So its purpose, its objectives, its way of working, its role in government, its support for policymaking, the difference it made - that’s never before been placed in this completely authoritative way into the public domain. That is balanced, then, by the very, very strong need to preserve secrecy.
It was a compromise. You’re trying to ensure that you’re not compromising your secrets, because it is a secret service. On the other hand, you’re trying to be as open as you can be to inform public debate and ensure there’s a proper understanding of what this particular service is like and what it’s about.
TWT: Why the determination to stop at 1949?
JS: The more you move into the current day and the modern era, the more difficult that balance becomes. So you have to make a judgment to stop it somewhere. What I did not want was a book that is published and you have to say, “Well I’m sorry, it’s not the full story because we’ve had to take certain stuff out of it, it’s just too delicate” and so on. And our judgment has been, and I think correctly, that you do that in that period shortly after the end of World War II.
TWT:These archives, will they now be made public to researchers or the public?
JS: No; it’s a closed archive and remains closed. This is a one-off.There are no plans to change that at all. In fact, quite definitely not.
TWT: What are the most surprising elements of the book to you as former director of MI6? Or are there no secrets?
JS: Well, no, of course, it’s important to say, almost inevitably, I didn’t know exactly what was in the archive. And I couldn’t be confident that I wouldn’t be shocked or taken aback by some ghastly story that would come out that would have very difficult consequences. So there was a risk involved, and I took a judgment.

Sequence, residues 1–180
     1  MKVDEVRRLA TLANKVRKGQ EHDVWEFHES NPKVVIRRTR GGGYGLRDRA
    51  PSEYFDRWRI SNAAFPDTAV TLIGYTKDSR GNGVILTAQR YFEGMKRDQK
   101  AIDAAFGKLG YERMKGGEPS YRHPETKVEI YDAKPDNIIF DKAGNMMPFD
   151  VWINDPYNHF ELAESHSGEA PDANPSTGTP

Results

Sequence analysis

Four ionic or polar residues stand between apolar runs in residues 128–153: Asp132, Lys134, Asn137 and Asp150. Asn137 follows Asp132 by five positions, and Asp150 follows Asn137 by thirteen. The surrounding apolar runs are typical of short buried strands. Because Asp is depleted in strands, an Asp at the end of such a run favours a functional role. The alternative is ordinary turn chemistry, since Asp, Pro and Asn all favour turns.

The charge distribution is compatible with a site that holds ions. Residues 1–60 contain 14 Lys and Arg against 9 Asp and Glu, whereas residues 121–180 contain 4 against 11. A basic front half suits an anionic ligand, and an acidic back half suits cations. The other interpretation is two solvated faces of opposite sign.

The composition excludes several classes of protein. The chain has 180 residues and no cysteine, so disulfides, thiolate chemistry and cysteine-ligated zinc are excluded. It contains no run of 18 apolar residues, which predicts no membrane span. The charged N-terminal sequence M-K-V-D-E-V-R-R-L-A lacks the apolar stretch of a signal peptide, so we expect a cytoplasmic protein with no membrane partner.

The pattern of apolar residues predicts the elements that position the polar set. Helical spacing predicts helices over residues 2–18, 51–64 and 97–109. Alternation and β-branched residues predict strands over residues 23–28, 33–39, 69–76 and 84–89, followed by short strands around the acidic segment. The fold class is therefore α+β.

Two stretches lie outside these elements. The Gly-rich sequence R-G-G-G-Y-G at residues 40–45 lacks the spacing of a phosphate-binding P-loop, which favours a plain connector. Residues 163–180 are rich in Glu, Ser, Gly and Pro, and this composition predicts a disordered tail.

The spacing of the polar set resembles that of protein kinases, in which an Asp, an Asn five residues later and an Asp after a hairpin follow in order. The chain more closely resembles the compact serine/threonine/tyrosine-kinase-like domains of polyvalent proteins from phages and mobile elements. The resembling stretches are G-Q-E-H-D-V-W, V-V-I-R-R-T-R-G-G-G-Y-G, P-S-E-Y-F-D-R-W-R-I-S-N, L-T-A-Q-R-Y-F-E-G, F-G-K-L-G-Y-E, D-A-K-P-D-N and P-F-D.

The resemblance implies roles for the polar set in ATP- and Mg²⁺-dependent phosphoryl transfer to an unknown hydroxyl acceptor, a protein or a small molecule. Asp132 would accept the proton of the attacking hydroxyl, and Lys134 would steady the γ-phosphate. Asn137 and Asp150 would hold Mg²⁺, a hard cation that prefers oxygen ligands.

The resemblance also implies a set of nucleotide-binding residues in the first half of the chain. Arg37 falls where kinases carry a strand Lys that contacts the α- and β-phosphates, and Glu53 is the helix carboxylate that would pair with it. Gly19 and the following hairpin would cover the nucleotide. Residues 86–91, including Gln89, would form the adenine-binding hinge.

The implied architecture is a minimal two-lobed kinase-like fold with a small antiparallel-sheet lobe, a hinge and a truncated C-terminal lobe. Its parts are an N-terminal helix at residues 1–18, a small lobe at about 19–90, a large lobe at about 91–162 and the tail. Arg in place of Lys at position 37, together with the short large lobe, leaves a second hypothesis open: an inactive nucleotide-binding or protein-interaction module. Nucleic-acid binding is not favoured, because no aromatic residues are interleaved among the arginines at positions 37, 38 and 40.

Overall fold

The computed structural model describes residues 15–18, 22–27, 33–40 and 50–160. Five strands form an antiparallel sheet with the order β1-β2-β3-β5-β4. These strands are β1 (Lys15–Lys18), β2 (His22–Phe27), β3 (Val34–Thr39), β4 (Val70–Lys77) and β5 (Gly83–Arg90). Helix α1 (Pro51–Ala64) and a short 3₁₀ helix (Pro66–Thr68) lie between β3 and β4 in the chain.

Knowing my service as I do, I thought it pretty unlikely that there was anything in there of which I would be ashamed. It’s not the same thing as a being awkward or a bit embarrassed about something. Obviously, when there are failures - and there are quite a few of them - you feel embarrassed.
But yes, I was quite surprised given the received wisdom about MI6’s performance in the run-up to the second world war and the war itself. I was quite surprised by the degree of achievement that actually was recorded then and how much we were able to do even in the late ‘30s, when we were massively underresourced. Really some quite remarkable, farsighted things were done, or arrangements put in place, which made a big difference to the service’s ability to perform in the war. That was new to me. And I think it will be new to most people who know a little bit about this but haven’t read the details before.
TWT:Are there uncomfortable moments in the book?
JS: Yes, quite a few. But here are two uncomfortable moments that I’ll cite. One was a really pretty bad story in late 1939, when two of our officers were fooled by the SS intelligence unit into believing that they were representatives of a faction in the German army and were interested in doing a deal. This was in the early part of the war. Two officers from our Rotterdam Station allowed themselves to be lured into a cafe on the German-Dutch border, and then they were kidnapped. They were bundled off to Germany and spent the rest of the war in captivity in concentration camps. They both survived, but they were interrogated and gave away a lot of information.
It was understood, but there was a lot of publicity about it at the time. The Germans made a big fuss about it. It was a humiliation to the service. A lot of bad judgments were made. Not just by the service, but by people in government, politicians who allowed it to develop. But also, the officers themselves maybe were victims of personal vanity; that’s what the book suggests.
And of course, the whole Philby story, which is not told in full in the book, but enough to show what a trusted officer [Kim] Philby was. He had access, and he was in a position to do a tremendous amount of damage, which he did.
TWT:Who was Agent Ecclesiastic?